Parents should also be aware of what their kids may be exposed to online – and the websites that promote dangerous and destructive dieting. The best Internet filter is the one that runs in teens’ heads – not any filter a parent may install on a home computer. Talk with your children about dangerous and inappropriate sites and keep the lines of communication open so that they might come to you when they encounter destructive information and images online. – Connect with Kids

The National Eating Disorders Association offers these tips for kids on eating well and feeling good about themselves:
 

  • Eat when you are hungry. Stop eating when you are full.
  • All foods can be part of healthy eating. There are no “good” or “bad” foods, so try to eat lots of different foods, including fruits, vegetables, and even sweets sometimes.
  • When having a snack try to eat different types.
  • If you are sad or mad or have nothing to do-and you are not really hungry find something to do other than eating.
  • Remember: kids and adults who exercise and stay active are healthier and better able to do what they want to do, no matter what they weigh or how they look.
  • Try to find a sport or an activity that you like and do it! Join a team, join the YMCA, join in with a friend or even practice by yourself

Broward County takes a closer look at obesity in children.

Be an educated parent, you will have healthier and safer teens.

Read more.

Parents Universal Resource Experts – Sue Scheff: Losing in America – Unemployment rising, should your teen pursue their goal or choose a job in demand

It is that time of the year again. Parents of teenagers graduating from high school or college are facing career decisions. What about taking a “gap year“? With today’s high unemployment should your teen consider a job that is in demand rather than going for their dream job?

What is best for your child and their goals?

  • 2-year college
  • 4-year college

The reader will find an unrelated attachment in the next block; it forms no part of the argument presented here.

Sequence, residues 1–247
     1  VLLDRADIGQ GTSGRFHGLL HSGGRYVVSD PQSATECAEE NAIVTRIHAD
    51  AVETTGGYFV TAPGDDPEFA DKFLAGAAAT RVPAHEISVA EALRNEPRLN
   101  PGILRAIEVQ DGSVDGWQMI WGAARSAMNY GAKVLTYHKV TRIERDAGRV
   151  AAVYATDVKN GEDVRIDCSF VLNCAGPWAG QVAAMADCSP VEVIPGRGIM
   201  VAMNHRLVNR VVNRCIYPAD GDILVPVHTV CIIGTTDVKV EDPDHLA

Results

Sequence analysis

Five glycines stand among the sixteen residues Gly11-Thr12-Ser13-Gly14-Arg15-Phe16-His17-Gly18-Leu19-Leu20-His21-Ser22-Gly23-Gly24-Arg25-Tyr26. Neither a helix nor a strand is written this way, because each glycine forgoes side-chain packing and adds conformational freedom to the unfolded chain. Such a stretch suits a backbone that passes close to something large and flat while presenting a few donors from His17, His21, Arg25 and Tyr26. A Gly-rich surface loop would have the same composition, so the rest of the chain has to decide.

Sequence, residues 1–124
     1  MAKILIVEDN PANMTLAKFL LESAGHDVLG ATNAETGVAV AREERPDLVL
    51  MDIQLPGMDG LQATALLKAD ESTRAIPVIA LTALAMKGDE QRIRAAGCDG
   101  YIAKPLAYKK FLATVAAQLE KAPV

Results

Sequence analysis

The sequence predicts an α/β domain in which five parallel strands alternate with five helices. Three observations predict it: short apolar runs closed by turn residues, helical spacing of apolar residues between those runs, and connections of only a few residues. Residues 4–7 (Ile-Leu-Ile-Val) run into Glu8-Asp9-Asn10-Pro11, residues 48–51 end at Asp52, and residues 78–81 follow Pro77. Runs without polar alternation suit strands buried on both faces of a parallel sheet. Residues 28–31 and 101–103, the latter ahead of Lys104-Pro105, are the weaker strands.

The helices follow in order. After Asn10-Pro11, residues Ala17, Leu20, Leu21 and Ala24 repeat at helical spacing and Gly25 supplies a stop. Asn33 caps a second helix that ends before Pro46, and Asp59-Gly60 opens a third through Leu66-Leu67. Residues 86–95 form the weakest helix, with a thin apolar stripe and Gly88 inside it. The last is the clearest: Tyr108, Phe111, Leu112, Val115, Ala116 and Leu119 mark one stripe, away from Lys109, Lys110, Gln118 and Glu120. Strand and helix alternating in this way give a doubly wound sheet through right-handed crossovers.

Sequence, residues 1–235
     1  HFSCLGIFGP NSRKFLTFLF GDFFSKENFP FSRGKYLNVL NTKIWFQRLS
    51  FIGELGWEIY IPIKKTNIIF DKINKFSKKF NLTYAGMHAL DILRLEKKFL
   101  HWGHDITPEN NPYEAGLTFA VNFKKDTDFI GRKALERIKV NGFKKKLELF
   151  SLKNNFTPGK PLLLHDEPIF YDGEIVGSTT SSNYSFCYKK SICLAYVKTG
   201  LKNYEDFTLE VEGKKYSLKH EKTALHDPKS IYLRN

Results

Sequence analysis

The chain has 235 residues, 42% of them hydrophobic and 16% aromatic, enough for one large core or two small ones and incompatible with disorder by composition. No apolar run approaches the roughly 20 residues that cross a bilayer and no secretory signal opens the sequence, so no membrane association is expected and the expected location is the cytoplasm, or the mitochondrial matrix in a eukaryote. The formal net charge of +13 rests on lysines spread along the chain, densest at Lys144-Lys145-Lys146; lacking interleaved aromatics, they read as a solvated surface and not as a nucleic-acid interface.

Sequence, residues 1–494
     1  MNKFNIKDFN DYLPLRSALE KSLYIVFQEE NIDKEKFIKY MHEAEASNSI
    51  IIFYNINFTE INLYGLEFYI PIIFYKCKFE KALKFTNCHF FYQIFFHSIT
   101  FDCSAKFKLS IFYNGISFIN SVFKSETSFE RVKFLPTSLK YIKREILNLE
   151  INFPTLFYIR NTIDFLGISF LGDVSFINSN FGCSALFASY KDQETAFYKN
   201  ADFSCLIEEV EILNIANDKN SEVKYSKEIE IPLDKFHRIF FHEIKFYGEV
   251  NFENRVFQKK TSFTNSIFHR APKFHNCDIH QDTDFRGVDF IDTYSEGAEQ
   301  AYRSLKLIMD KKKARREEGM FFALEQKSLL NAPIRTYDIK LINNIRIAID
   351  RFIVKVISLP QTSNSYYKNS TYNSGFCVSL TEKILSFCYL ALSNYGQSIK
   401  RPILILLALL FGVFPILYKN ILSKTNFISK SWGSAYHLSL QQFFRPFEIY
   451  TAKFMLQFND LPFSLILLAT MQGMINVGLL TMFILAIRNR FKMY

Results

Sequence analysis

• Vocational School/Tech School
  • Grad School
  • State, private or community college

There isn’t a right or wrong answer, it is an individual choice depending on what is best both financially and professionally for your teen.

Pursuing your dreams versus choosing a career where jobs are plentiful. What do you say when your child’s dream is not practical? How can parents help their children choose a career path that is successful and rewarding.

  • Encourage your child to explore his or her options. Be supportive by asking your child, “Can I help you get connected?” or “Can I help you with researching a career?”
  • You need to remember this is not your career decision. Have trust in your child and be supportive, yet informative.
  • The world of work has changed since many parents made their first career choice. So some parents need to realize some of their information might be outdated.
  • Direct your child to resources where he or she can research his or her desired career.

Reference: Connect with Kids

As a parent, we always want our children to be happy. Helping your child find their ideal job may take longer than usual in today’s economy, however loving what you do in life can be priceless. In Florida Career Builders of Florida and College Grad in Florida may offer you further assistance in finding the perfect career for your teen.

Be an educated parent, you will be prepared and your children will have a bright future. Read more.

Related articles:

Hot Tips for Teens Looking for Jobs
Gap Smart: Should Your Teen Take a Year Off?
Parents Universal Resource Experts
Summer Jobs for Teens
College Visit Tips

Parents Universal Resource Experts – Sue Scheff: Text Messages that Harm – Update on Josie Ratley